Multiple Sclerosis

Condition

Multiple sclerosis (MS), also known as disseminated sclerosis or encephalomyelitis disseminata, is a demyelinating disease in which the insulating covers of nerve cells in the brain and spinal cord are damaged. This damage disrupts the ability of parts of the nervous system to communicate, resulting in a wide range of signs and symptoms, including physical, mental, and sometimes psychiatric problems. MS takes several forms, with new symptoms either occurring in isolated attacks (relapsing forms) or building up over time (progressive forms). Between attacks, symptoms may disappear completely; however, permanent neurological problems often occur, especially as the disease advances.

While the cause is not clear, the underlying mechanism is thought to be either destruction by the immune system or failure of the myelin-producing cells. Proposed causes for this include genetics and environmental factors such as infections. MS is usually diagnosed based on the presenting signs and symptoms and the results of supporting medical tests.

There is no known cure for multiple sclerosis. Treatments attempt to improve function after an attack and prevent new attacks. Medications used to treat MS, while modestly effective, can have adverse effects and be poorly tolerated. Many people pursue alternative treatments, despite a lack of evidence. The long-term outcome is difficult to predict, with good outcomes more often seen in women, those who develop the disease early in life, those with a relapsing course, and those who initially experienced few attacks. Life expectancy is on average 5 to 10 years lower than that of an unaffected population.

Multiple sclerosis is the most common autoimmune disorder affecting the central nervous system. As of 2008, between 2 and 2.5 million people are affected globally with rates varying widely in different regions of the world and among different populations. In 2013, 20,000 people died worldwide from MS, up from 12,000 in 1990. The disease usually begins between the ages of 20 and 50 and is twice as common in women as in men. The name multiple sclerosis refers to scars (sclerae—better known as plaques or lesions) in particular in the white matter of the brain and spinal cord. MS was first described in 1868 by Jean-Martin Charcot. A number of new treatments and diagnostic methods are under development.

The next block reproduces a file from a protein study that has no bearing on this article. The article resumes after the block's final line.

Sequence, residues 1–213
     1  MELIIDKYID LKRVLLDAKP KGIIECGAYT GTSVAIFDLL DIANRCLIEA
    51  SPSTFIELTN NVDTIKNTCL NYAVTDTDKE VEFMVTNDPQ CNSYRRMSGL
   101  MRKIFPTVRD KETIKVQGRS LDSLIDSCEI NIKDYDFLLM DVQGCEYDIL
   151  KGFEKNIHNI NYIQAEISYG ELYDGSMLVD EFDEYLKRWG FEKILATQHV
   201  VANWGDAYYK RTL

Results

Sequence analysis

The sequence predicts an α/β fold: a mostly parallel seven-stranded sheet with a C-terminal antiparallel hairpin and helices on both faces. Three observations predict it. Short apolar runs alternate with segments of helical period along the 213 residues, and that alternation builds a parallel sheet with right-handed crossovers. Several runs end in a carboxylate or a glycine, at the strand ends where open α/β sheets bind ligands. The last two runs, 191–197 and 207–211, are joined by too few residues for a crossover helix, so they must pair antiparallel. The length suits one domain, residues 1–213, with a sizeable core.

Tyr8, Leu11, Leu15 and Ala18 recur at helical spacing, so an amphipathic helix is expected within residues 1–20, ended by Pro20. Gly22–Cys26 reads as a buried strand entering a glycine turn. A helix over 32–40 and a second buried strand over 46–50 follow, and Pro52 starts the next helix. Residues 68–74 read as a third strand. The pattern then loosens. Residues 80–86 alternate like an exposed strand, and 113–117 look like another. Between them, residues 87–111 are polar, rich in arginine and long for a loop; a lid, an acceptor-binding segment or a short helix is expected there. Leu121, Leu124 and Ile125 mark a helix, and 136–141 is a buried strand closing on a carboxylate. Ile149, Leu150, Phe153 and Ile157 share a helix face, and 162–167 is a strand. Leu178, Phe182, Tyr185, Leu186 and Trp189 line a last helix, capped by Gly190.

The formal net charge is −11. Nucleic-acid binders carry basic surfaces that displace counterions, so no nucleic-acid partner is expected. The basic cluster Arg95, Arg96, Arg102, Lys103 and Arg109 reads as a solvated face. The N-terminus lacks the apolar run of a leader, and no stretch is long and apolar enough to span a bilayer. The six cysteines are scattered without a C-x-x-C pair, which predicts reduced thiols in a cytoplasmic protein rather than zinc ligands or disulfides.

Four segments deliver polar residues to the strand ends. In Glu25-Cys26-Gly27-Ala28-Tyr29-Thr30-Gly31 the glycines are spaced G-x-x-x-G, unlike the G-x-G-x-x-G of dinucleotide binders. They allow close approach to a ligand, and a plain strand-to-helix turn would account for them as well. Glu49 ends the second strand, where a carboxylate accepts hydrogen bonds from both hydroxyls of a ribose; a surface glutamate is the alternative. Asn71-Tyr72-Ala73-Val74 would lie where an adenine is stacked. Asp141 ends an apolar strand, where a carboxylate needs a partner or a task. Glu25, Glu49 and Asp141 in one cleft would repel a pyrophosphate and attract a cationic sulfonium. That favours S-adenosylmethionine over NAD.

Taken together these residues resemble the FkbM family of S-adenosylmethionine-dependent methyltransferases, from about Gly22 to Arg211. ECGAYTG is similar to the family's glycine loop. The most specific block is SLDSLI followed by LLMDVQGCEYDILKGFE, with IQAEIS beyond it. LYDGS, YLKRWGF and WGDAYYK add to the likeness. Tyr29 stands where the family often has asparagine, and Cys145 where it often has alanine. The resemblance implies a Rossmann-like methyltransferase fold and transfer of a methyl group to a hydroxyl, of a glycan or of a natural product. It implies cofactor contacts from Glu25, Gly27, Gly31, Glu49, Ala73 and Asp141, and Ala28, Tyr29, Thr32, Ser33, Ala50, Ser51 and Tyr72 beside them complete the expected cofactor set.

Definitions

Signs

A person with MS can have almost any neurological symptom or sign, with autonomic, visual, motor, and sensory problems being the most common. The specific symptoms are determined by the locations of the lesions within the nervous system, and may include loss of sensitivity or changes in sensation such as tingling, pins and needles or numbness, muscle weakness, very pronounced reflexes, muscle spasms, or difficulty in moving; difficulties with coordination and balance (ataxia); problems with speech or swallowing, visual problems (nystagmus, optic neuritis or double vision), feeling tired, acute or chronic pain, and bladder and bowel difficulties, among others. Difficulties thinking and emotional problems such as depression or unstable mood are also common. Uhthoff’s phenomenon, a worsening of symptoms due to exposure to higher than usual temperatures, and Lhermitte’s sign, an electrical sensation that runs down the back when bending the neck, are particularly characteristic of MS. The main measure of disability and severity is the expanded disability status scale (EDSS), with other measures such as the multiple sclerosis functional composite being increasingly used in research.